Highway Code Stopping Distances are a favourite among theory test question-setters. Sometimes you can take a lucky guess – but a whole plethora of factors can affect the stopping distance of a car at any given speed.
Popular Highway Code questions on the theory test include quizzing you on stopping distances on ice, in wet conditions, at 60mph and then at 30mph. Some people have been known to get every question on stopping distances that the DSA offer – after all, the choice of 50 questions is randomised.
You can understand why the DSA think knowing your stopping distances is so important (you can download the stopping distances pdf here). If you know how long it will take you to stop at 30mph, you know when you need to start braking for the red light ahead. You also know (on a more macabre note) exactly how quickly you need to stamp on the brake to avoid hitting a child that runs out in front of you (as a general rule, ‘immediately’ is the preferred answer).
It also gives you an understanding of how dangerous driving can be in wet or icy conditions. When there’s a lot of water on the road surface, you’ve got much less grip (or traction, as it’s technically called) and therefore less control. Driving along normally, this isn’t a problem. Once you hit the brakes though, that grip goes almost completely – and your control with it. Car tyres use the friction with the road surface to help them slow the vehicle down, and if that friction isn’t there…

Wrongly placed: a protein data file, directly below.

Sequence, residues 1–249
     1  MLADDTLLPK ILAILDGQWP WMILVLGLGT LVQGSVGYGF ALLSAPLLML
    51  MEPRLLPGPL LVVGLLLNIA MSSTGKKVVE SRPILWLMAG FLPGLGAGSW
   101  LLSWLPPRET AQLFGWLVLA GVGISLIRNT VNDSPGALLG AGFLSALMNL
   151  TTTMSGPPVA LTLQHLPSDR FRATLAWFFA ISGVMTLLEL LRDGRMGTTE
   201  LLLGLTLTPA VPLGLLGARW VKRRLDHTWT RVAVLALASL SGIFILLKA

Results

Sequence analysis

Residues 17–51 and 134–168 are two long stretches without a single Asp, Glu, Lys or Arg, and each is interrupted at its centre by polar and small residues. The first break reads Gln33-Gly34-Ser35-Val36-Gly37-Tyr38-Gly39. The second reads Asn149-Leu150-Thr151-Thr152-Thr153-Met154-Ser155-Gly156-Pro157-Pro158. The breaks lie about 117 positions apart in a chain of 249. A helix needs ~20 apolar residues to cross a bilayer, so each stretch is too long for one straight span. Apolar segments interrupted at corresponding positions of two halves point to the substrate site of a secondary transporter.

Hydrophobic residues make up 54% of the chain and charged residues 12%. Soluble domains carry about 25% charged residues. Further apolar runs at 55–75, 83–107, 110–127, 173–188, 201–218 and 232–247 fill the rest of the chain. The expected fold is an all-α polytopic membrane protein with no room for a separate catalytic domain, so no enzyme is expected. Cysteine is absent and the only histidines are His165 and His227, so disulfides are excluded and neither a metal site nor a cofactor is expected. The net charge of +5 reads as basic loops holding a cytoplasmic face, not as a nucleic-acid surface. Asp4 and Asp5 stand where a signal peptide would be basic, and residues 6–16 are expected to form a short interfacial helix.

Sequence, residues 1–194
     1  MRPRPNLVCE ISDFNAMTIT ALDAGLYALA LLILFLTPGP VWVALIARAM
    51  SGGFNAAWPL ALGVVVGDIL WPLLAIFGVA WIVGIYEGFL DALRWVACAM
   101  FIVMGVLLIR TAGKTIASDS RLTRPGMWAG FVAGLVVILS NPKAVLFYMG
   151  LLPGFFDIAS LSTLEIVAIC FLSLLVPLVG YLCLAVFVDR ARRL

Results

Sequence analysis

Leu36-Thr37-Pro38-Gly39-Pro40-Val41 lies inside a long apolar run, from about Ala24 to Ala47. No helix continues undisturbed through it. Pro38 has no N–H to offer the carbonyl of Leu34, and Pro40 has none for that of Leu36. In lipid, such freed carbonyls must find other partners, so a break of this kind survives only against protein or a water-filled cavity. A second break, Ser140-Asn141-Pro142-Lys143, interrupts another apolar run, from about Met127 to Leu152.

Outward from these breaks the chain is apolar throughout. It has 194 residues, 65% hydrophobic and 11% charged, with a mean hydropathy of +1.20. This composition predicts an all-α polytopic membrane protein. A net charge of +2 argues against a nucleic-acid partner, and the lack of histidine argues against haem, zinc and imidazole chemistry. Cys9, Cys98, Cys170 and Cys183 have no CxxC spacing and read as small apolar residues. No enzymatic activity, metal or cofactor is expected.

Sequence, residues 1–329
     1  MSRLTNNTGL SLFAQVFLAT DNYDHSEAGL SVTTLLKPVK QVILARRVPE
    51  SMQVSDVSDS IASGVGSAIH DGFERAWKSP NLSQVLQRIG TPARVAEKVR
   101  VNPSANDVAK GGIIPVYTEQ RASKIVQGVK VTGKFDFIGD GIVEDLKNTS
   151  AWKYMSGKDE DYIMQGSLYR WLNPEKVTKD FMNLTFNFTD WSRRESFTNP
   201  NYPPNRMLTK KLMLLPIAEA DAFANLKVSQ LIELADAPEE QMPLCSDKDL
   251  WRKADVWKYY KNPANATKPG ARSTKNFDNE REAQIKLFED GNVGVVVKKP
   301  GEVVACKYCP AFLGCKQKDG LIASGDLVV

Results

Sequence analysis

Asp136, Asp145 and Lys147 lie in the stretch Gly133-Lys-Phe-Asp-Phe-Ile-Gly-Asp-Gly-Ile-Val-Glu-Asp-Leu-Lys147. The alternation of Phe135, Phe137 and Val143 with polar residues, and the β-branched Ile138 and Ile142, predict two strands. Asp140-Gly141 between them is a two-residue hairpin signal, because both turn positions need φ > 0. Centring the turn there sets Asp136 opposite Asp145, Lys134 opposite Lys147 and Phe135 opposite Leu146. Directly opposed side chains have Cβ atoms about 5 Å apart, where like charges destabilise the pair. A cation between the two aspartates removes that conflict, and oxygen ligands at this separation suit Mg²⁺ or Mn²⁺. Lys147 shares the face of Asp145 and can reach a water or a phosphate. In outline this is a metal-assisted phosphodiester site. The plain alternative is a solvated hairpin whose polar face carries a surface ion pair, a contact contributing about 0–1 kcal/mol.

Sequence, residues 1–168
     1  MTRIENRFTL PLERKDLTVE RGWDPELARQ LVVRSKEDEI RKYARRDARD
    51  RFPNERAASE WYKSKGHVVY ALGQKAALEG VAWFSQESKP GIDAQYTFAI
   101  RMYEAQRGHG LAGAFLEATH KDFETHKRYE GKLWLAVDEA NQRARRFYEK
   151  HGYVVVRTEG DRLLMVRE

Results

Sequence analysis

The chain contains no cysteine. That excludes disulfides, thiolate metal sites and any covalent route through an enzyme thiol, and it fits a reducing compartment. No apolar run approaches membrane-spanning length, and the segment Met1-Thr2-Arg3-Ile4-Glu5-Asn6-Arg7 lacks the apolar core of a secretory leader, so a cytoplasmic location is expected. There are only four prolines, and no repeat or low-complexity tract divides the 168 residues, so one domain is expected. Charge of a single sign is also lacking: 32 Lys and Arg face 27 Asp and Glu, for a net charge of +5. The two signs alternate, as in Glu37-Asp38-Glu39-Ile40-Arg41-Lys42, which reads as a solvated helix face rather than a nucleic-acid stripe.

Broadly speaking, stopping distances double when you’ve got wet conditions. On ice it’s worse: they’re ten times greater. So if, driving on a normal sunny day at 30mph, it takes you 23 metres to stop (that includes the time it takes you to see the hazard, process it, and react), then in icy conditions it could take you as much as 230 metres to stop. 230 metres is the same distance as the length of two full size football pitches – and that’s just at 30mph. Think about the distance it could take at 50, or even 60mph. What about if you’re speeding? 80mph?
Highway Code Stopping distances, therefore, give drivers both a sense of the danger they can pose to other people, as well as the dangers that speeding – or ignoring the road conditions – can create.
Make sure you can prove that you’re in full control of your car. Know your Highway Code stopping distances – not just for the theory test, but so that when you’re on the roads for real, you can make informed, intelligent choices about how you drive.
Here's an image to give you an idea of stopping distances but you can download the Highway Code Stopping Distances pdf here.